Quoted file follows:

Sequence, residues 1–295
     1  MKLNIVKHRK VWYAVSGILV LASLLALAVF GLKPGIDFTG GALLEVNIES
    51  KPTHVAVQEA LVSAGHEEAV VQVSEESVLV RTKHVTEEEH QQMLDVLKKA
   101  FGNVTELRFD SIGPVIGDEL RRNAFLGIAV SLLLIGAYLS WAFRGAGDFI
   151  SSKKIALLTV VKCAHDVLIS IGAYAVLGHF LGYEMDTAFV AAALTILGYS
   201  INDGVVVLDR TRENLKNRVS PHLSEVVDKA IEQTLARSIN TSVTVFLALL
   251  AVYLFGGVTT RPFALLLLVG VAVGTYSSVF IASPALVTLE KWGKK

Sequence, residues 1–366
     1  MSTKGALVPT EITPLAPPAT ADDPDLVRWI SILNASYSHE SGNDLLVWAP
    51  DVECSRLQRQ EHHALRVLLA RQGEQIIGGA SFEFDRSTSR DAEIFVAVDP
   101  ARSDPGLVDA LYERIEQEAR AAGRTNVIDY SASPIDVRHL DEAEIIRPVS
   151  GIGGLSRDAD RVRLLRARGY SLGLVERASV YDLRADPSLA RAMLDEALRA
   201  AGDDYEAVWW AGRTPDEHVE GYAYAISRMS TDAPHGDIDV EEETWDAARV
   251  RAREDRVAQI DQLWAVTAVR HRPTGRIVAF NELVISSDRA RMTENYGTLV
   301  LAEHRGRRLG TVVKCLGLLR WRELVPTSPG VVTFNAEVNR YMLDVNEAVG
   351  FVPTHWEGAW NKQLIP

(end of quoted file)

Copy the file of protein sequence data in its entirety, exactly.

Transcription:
Sequence, residues 1–295
     1  MKLNIVKHRK VWYAVSGILV LASLLALAVF GLKPGIDFTG GALLEVNIES
    51  KPTHVAVQEA LVSAGHEEAV VQVSEESVLV RTKHVTEEEH QQMLDVLKKA
   101  FGNVTELRFD SIGPVIGDEL RRNAFLGIAV SLLLIGAYLS WAFRGAGDFI
   151  SSKKIALLTV VKCAHDVLIS IGAYAVLGHF LGYEMDTAFV AAALTILGYS
   201  INDGVVVLDR TRENLKNRVS PHLSEVVDKA IEQTLARSIN TSVTVFLALL
   251  AVYLFGGVTT RPFALLLLVG VAVGTYSSVF IASPALVTLE KWGKK

Sequence, residues 1–366
     1  MSTKGALVPT EITPLAPPAT ADDPDLVRWI SILNASYSHE SGNDLLVWAP
    51  DVECSRLQRQ EHHALRVLLA RQGEQIIGGA SFEFDRSTSR DAEIFVAVDP
   101  ARSDPGLVDA LYERIEQEAR AAGRTNVIDY SASPIDVRHL DEAEIIRPVS
   151  GIGGLSRDAD RVRLLRARGY SLGLVERASV YDLRADPSLA RAMLDEALRA
   201  AGDDYEAVWW AGRTPDEHVE GYAYAISRMS TDAPHGDIDV EEETWDAARV
   251  RAREDRVAQI DQLWAVTAVR HRPTGRIVAF NELVISSDRA RMTENYGTLV
   301  LAEHRGRRLG TVVKCLGLLR WRELVPTSPG VVTFNAEVNR YMLDVNEAVG
   351  FVPTHWEGAW NKQLIP